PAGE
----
A Mission, Computers and Puzzles - What Could Be Better?

October is one of my favorite months here in the D.C. area, not only because we get to enjoy views of the Blue Ridge Mountains covered in Fall foliage, but because it is National Cyber Security Awareness Month (NCSAM) and a time that my organization can really shine a spotlight on local kids who are getting revved up about cybersecurity and the educational programs that are inspiring them.

Why is that so exciting? I believe that children are not just our collective future, but that every time we help children boot up a computer or help them download homework online, we are looking into the faces of those who will fulfill our vision of a safe and secure cyber world.

I often get asked if professional and training bodies such as (ISC)2 should focus our efforts to identify potential recruitment targets on those in high school (or younger) given the substantial and immediate need to fill the widening cybersecurity workforce gap.

In my opinion, we can’t start educating kids soon enough – a message that seems to be resonating beyond the walls of my organization into the halls of Congress, the academic community and corporate America. For example, during last week’s National Town Hall on Minority Underrepresentation in Cybersecurity, House of Representatives Inspector General Theresa Grafenstine emphasized the need to make the cybersecurity field more appealing to children. “We need to make this like a marketing campaign,” said Grafenstine. Rather than furthering the notion that to be interested in cybersecurity, kids must have a “pocket protector” and sit in the back of the class, we need to “slap Cinderella with a laptop” she suggested.

As I support (ISC)2’s awareness activities that target middle and high school students throughout the year, it is apparent that the notion of starting kids early in cyber is resonating louder than ever among educators as well. In mid-September, the (ISC)2 Foundation had the privilege of joining The MITRE Corporation to recognize some of the nation’s up-and-coming Science, Technology, Engineering and Math (STEM) students and winners of a recent national Capture the Flag Competition.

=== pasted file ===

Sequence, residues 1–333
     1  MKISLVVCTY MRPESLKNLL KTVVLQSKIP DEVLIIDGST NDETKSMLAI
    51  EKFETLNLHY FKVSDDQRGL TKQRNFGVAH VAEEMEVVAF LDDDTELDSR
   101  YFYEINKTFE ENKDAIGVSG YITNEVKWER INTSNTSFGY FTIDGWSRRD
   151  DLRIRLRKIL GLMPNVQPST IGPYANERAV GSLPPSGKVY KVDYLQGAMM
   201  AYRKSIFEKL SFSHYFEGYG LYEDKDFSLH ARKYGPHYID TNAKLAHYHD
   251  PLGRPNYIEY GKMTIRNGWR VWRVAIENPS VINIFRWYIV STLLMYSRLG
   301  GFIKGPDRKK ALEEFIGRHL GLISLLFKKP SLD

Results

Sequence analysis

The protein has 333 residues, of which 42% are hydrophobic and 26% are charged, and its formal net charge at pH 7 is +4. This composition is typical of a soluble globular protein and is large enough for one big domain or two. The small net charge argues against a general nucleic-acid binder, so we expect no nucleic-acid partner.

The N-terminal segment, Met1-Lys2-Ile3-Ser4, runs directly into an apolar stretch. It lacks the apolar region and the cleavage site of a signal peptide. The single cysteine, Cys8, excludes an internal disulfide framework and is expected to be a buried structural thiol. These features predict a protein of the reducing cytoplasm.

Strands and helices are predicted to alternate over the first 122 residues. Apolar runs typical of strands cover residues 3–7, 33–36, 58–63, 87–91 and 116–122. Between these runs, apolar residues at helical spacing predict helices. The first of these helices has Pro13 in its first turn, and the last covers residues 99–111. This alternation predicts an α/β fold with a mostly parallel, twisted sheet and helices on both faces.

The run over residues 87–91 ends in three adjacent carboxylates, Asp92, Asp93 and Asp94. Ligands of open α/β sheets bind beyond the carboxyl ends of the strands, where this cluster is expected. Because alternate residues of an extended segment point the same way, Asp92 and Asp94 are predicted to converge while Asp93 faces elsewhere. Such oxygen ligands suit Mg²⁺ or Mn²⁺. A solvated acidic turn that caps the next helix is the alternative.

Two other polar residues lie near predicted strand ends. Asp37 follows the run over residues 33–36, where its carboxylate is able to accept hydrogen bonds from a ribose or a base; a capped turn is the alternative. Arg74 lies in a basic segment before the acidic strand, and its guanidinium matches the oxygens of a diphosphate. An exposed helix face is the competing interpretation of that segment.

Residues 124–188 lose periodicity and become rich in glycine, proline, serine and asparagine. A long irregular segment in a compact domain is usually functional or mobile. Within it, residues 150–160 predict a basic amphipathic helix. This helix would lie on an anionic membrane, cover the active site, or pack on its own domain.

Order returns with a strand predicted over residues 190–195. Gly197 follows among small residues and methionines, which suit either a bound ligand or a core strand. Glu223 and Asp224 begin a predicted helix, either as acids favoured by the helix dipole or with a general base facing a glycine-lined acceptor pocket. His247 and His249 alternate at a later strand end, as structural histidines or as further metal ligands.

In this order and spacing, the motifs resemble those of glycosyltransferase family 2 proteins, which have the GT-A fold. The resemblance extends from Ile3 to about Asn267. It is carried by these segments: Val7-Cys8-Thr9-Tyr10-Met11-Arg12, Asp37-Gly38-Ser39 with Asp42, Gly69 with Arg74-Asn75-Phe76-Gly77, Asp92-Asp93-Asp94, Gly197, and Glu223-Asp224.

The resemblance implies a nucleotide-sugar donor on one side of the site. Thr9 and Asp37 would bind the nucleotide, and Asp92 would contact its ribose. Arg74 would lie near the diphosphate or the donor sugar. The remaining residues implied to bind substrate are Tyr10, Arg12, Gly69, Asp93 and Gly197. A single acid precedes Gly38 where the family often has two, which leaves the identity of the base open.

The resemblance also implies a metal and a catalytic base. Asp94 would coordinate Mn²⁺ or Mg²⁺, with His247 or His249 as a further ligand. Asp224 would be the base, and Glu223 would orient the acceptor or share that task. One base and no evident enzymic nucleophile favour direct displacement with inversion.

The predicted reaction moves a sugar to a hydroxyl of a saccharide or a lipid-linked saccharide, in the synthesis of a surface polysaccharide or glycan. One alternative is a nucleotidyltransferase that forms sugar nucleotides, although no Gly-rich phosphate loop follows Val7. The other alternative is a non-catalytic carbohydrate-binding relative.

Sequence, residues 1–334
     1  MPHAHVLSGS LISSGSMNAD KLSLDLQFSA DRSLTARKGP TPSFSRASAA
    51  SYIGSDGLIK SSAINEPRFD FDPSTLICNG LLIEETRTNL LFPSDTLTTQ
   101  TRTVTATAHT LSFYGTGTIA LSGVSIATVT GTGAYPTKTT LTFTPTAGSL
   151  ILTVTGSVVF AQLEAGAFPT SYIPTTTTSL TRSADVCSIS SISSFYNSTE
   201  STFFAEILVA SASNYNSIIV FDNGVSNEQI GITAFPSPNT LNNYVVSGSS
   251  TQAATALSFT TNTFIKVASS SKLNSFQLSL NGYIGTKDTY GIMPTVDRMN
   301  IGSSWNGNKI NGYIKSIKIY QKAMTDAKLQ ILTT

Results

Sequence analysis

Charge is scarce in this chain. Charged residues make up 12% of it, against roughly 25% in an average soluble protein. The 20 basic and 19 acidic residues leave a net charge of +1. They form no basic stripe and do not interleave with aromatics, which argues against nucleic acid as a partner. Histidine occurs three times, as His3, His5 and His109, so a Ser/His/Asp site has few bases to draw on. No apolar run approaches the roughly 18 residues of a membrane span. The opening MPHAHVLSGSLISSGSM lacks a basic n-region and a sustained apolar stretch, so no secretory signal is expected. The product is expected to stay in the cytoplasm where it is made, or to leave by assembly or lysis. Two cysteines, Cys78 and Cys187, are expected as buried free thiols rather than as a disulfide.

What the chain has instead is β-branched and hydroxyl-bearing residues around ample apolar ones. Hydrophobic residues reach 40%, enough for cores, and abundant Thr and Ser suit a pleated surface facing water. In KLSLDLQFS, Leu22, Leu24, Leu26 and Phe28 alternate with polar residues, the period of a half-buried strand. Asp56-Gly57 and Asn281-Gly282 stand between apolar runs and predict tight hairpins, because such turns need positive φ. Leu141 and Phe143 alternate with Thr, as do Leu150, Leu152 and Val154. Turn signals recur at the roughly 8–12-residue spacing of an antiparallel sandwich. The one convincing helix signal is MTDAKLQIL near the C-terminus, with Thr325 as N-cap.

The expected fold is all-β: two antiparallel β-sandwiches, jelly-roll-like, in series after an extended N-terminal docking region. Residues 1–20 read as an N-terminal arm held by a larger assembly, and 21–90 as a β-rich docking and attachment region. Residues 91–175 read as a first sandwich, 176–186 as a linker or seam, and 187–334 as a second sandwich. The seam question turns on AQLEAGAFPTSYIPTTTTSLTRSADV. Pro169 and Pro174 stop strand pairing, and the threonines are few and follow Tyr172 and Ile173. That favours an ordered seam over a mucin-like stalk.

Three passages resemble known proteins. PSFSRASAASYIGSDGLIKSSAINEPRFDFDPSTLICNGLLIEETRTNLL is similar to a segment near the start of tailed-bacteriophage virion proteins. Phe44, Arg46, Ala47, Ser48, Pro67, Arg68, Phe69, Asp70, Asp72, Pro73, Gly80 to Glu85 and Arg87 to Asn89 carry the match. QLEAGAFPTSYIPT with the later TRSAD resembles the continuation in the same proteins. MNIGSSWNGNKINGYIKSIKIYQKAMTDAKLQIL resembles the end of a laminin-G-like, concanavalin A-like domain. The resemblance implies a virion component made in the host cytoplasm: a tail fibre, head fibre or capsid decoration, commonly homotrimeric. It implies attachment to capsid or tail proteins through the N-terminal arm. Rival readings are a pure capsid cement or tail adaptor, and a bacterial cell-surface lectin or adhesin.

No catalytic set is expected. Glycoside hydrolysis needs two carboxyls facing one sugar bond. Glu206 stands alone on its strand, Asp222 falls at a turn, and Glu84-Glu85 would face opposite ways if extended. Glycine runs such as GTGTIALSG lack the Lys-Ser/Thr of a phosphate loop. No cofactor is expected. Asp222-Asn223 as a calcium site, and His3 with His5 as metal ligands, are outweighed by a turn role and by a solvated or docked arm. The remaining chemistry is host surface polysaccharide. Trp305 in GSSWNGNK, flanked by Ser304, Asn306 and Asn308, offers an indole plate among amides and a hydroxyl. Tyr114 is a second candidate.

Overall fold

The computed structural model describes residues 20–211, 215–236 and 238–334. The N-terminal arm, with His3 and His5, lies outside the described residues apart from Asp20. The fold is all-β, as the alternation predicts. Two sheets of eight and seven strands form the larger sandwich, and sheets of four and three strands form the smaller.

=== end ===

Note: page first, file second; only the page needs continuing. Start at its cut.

Each member of the four-person winning teams received an (ISC)2 Foundation-sponsored $1,000 college scholarship, a voucher to take the (ISC)2 Systems Security Certified Practitioner (SSCP®) exam and priority consideration for MITRE’s Cybersecurity Intern Program. Out of 73 teams with more than 300 students from high school and college, both the winning and runner-up teams included high school students. This reinforces the sentiment that, if properly nurtured, cyber talent can develop early and mature in a short period of time. 

Principal Dr. Evan Glazer and the STEM educators at Thomas Jefferson (TJ) High School for Science and Technology in Alexandria, Va., take a holistic approach to nurturing cyber talent by teaching foundational topics that information security professionals deem are important to learn such as operating systems, architecture, cryptography, etc. “We teach that it is the interconnectivity between these foundational topics that makes cyber challenges real,” says Glazer. “Students who enjoy cyber topics appreciate the multidisciplinary or problem-solving aspect.” Glazer also underscores the benefits that students receive by participating in “extra-curricular” cyber activities such as Capture the Flag competitions and encourages organizations/companies to support these activities.

“There are a lot of benefits to having our students participate in cyber competitions. The competitions encourage systemic thinking, situation problem-solving, social responsibility, a commitment to service and support of protecting other people,” said Glazer. Most of all, kids love the challenge. “A mission, computers and puzzles—what could be better?” he added.

With a strong STEM foundation, Glazer believes students will be equipped to pursue cybersecurity specialty areas in college. Other high schools in the area take a slightly different approach by offering a dedicated cyber curriculum that is more aligned to a professional certification path. Either way, students are realizing that this field is an opportunity for them. It will then be up to those of us in the professional community to help identify a clear career path for graduates trying to enter and progress in the field. To that end, (ISC)2 offers the Associate of (ISC)² program, which helps to bring graduates into careers at the entry-level and to set them up on a pathway to success.

As the month of October comes to an end, let this be a reminder to look for STEM potential in the children around you and to get your organization involved in supporting new or existing cyber competitions in K-12 classrooms. If you need ideas, the DHS Cyber Security Division website is one good resource. It’s never too early in a child’s life to introduce cybersecurity principles and to feed their interest in computers. What might have once been used simply as a means of keeping your child occupied or entertained might actually end up being his/her first step along a very fulfilling and rewarding career path.

Dan Waddell, CISSP, CAP, PMP, (ISC)2 managing director, North America Region and director of U.S. Government Affairs, was lead author of this peer-reviewed post.

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